Recommend a tool for making “ASCII Flow Chart” – Graph Easy

Time:2019-4-14

Recommend a tool for making

More than once, I’ve seen this ASCII text output directly from Console, like Knowing.com.

Last time I was referring to a tall article, Serverless Actual Warfare: Building a Personal Reading Tracking System, http://insights.thoughtworks.cn/serverless-combat/
There is a flow chart:
Recommend a tool for making

At that time, I wondered if I could draw an ASCII text flow chart and put it directly into the code as a code comment to promote the “forced grid”?

A search on the internet, there are really such tools that can be achieved through code or command line, and can also be directly copied and pasted to use, fully in line with our program ape’s clothing needs – Graph Easy

Graph Easy

Graph:: Easy is a Perl module for processing graphics DSL. It has the following functions:

  1. It provides an easy to understand and readable graphic description language.

  2. A Grid-based Layout Supporting ASCII Art

  3. It can be exported to Graphviz, Visualizing Compiler Graphs, GDL and GraphML formats.

  4. Images can be imported from Graphviz, VCG and GDL.

Extracted from: https://www.gitbook.com/book/weishu/graph-easy-cn/details

In short, Graph Easy is a very geek drawing tool. It is based on Command Line and can easily draw ASCII character diagrams. It can also be exported to HTML, SVG and other formats.

Install Graph Easy

Self-use Mac notebook, so easy to install, only need three commands:

// 1. 
brew install graphviz

// 2. Install cpan and return all the way.
cpan

// 3. Install Graph Easy
sudo cpan Graph:Easy

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Use Graph Easy

1.Simple:

$ graph-easy <<< '[a]->[b]'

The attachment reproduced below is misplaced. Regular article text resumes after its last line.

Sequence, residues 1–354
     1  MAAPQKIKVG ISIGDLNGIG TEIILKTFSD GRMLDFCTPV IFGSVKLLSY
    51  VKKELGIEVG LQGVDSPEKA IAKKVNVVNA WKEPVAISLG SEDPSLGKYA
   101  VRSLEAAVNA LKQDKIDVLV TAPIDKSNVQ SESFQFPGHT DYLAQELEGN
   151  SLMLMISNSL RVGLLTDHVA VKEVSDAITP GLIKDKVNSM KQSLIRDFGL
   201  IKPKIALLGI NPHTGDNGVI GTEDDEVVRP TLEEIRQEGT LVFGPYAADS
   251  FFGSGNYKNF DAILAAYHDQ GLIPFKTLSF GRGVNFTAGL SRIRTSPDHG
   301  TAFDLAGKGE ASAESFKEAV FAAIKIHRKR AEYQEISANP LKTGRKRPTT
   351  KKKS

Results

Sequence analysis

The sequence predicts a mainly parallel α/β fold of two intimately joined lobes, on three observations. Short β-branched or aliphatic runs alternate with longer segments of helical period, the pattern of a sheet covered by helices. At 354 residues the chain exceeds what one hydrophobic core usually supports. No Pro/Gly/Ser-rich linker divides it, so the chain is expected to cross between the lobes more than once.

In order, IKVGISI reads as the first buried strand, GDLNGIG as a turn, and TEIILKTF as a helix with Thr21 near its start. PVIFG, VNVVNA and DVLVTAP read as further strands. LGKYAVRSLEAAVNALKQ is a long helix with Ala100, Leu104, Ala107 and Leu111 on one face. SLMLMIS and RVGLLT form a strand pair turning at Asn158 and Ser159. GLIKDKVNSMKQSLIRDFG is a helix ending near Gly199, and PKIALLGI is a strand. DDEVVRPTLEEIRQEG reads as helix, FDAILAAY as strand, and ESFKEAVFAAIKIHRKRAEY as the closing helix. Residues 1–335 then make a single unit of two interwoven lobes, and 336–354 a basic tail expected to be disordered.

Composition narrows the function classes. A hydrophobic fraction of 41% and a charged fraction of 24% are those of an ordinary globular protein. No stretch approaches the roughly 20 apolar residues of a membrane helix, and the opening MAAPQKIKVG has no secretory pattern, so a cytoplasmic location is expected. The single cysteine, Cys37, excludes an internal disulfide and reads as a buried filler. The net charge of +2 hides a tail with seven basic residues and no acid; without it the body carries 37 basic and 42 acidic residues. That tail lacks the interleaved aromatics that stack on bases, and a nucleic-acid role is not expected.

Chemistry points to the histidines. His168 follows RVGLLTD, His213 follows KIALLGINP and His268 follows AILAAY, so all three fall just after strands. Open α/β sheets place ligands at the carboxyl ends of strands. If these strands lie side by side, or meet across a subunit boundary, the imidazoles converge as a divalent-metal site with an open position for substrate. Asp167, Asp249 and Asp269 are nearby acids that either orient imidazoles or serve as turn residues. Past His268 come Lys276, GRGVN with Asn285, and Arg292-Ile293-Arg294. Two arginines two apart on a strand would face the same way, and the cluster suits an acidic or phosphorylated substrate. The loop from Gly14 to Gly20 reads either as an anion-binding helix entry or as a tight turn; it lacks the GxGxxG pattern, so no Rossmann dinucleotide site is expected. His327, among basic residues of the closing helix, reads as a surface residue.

Output:

+—+ +—+
| a | –> | b |
+—+ +—+

2.Let’s have a long chain.

% graph-easy <<< '[a]->[b]->[c]->[d]->[e]'

Output:

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3.Next branch:

% graph-easy <<< '[a]->[b]->[c][b]->[d]->[e]'

Output:

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4.A closed loop:

% graph-easy <<< '[a]->[b]->[c]->[b]->[d]->[e]'

Output:

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5.Come to a confluence:

% graph-easy <<< '[a]->[b]->[c][d]->[e]->[b]'

Output:

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6.Textual descriptions are required between processes.

% graph-easy <<< '[a]->[b]->{label:"true";}[c]->[d]->{label:"FeedBack";}[a]'

Output:

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For example: node B to node C need to add a condition description, etc.

7.Of course, we sometimes need top-down flowcharts.

% graph-easy < <'graph {flow: south;} [top] - > [middle] - > [bottom]'

Output:

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8.If the flow chart is complex, we can save the content in the file and read the file to draw the flow chart.

% graph-easy ../test.txt

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Let’s take a look at “test.txt”:

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9.Finally, let’s implement the flow chart above.

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Test.txt includes:

[Instapaper] {size: 2,7;}
[RSS(Feedly)] -> [Instapaper]{ origin: RSS(Feedly); offset: 2,0;}
[WeChat] -> [Instapaper]{ origin: WeChat; offset: 2,-6;}
[Website] -> [Instapaper]
[IFTTT]{size: 1,7;}
[Instapaper] -> [Diigo]{ origin: Instapaper; offset: 2,-2;}
[Instapaper] -> [IFTTT]{ origin: Instapaper; offset: 2,0;}
[Instapaper] -> [Evernote]{ origin: Instapaper; offset: 2,2;}
[Webtask(Serverless)]{size: 2,7;}
[IFTTT] -> [Webtask(Serverless)]{ origin: IFTTT; offset: 2,0;}
[Webtask(Serverless)] -> [Github]{ origin: Webtask(Serverless); offset: 2,-2;}
[Webtask(Serverless)] -> [ZenHub]{ origin: Webtask(Serverless); offset: 2,2}

summary

Because of the time relationship, the relative position and size of each node can not be well adjusted, and the effect is not completely consistent with the above; but at least the “ASCII flow chart” can be drawn.

Try copying it into the code editor to see how annotations work:

Recommend a tool for making

It feels good. You can try it, too.~~~

“End”


Coding 01 looks forward to your continued attention

Recommend a tool for making


Thank you so much for seeing this.

Recommend a tool for making